W is for Waste (an alphabet for penitents)

While Jesus was in Bethany in the home of Simon the Leper, a woman came to him with an alabaster jar of very expensive perfume, which she poured on his head as he was reclining at the table. When the disciples saw this, they were indignant. “Why this waste?” they asked. “This perfume could have been sold at a high price and the money given to the poor.” Aware of this, Jesus said to them, “Why are you bothering this woman? She has done a beautiful thing to me. The poor you will always have with you, but you will not always have me. When she poured this perfume on my body, she did it to prepare me for burial. Truly I tell you, wherever this gospel is preached throughout the world, what she has done will also be told, in memory of her.”” (Matthew 26:6–13, NIV)

Whenever the gospel is preached people remember her. John alone of the gospel writers remember that her name was Mary and that she was the sister of Martha and Lazarus (cf John 12:3). But Mark and Matthew also remember this costly anointing: An alabaster jar filled with nard poured over the head of Jesus.

The disciples sitting around the table saw this as wasteful. Why dump expensive perfume all over Jesus? He was not a 20th-century middle school boy and this was not Axe Body Spray.™  Shouldn’t she have sold the perfume to some other conspicuous consumer so that the money could be used to care for the poor?  Wouldn’t that be better?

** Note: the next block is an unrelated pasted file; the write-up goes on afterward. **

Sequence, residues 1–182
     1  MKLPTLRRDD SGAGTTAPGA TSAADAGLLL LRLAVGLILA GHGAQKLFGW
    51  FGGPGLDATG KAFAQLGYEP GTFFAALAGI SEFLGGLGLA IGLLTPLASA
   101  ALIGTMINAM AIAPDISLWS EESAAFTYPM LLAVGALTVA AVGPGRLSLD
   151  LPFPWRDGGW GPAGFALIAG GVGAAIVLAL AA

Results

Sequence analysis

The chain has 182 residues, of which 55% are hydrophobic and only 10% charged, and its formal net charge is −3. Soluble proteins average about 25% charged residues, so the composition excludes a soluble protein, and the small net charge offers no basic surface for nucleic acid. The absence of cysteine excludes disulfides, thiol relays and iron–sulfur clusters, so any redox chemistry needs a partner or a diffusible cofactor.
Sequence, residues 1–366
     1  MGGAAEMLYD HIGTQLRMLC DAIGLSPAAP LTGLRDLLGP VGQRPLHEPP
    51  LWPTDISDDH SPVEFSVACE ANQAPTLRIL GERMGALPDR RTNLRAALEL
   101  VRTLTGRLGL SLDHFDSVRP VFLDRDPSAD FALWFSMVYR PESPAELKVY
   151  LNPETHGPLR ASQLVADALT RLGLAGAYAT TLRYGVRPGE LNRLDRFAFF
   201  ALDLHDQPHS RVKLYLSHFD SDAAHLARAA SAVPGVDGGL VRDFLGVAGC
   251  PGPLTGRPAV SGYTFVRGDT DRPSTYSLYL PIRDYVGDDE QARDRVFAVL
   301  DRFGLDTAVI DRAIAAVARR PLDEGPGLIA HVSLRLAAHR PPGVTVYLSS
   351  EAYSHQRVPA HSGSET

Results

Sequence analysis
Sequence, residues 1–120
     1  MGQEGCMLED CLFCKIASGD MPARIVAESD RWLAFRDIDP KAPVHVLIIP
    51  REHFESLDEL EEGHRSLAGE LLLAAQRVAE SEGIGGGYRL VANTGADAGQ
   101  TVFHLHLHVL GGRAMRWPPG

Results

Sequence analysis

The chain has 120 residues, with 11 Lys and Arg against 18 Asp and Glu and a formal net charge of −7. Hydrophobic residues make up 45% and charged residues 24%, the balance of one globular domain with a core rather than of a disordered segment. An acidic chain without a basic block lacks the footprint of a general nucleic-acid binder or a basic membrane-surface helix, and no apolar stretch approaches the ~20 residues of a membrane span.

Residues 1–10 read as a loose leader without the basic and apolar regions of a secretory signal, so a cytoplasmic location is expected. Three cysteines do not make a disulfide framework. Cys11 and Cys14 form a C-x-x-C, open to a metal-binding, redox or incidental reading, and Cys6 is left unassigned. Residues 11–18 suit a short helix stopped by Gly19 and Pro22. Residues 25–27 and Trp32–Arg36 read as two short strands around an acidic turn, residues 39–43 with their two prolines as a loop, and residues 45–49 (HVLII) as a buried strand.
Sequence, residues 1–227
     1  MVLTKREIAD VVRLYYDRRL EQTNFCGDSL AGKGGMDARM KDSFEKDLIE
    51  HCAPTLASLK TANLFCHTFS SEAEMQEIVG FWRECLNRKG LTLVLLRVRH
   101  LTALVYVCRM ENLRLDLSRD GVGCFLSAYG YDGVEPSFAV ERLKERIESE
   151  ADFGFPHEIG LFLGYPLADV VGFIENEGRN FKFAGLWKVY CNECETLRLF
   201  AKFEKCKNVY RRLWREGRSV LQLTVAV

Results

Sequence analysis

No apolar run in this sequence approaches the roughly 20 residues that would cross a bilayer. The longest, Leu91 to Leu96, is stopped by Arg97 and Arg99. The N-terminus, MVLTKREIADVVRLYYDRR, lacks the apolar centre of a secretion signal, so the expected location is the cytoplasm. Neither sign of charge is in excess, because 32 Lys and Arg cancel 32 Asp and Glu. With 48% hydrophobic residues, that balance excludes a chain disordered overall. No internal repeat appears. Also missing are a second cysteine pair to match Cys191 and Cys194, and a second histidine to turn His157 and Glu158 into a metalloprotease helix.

John’s gospel puts the disciples’ objection in the mouth of Judas Iscariot’s and ascribes to him ulterior motives (John 12:4-5). Matthew and Mark both follow up their rendition with Judas making arrangements to betray Jesus into the hands of the chief priests. Yet, presumably, there were those around Simon the Leper’s table who just thought the money should just be better spent. Why with waste? There is absolutely nothing useful about dumping out a whole jar of nard.

Jesus response to Why this waste? is “Leave her alone! She has done a beautiful thing!” He acknowledges the ongoing plight of the poor. The poor you will always have with you . . . .These words allude to Deuteronomy 15:11, “There will always be poor people in the land. Therefore I command you to be openhanded toward your fellow Israelites who are poor and needy in your land.”  Jesus wasn’t saying do not care for the poor, but he was acknowledging that there was a place for extravagance and beauty in the spiritual life.

“The poor you will always have with you, but you will not always have me. When she poured this perfume on my body, she did it to prepare me for burial.”As Christians, we call Jesus our Messiah—the Christ, the Anointed One.  This extravagant act was Jesus’ anointing before he would be arrested, tried and killed as an enemy of the State.

The woman with the alabaster jar did what Makoto Fujimura describes as a generative act (Culture Care, IVP 2017).  Her ostentatious and generous anointing was something beautiful in the middle of Jesus’ most trying and difficult week. Fujimura describes how as a young struggling (and starving) artist, his wife bringing home a bouquet of flowers fed his soul (15-16).  Could it be that this one wasteful act fed the Son of God’s soul and gave him the strength to face the hard days he had ahead?

Do something wasteful today, something extravagant and beautiful that feeds your soul and gives you strength for the hard days ahead.

[The picture above is the Anointing of Christ, by Julia Stancova].


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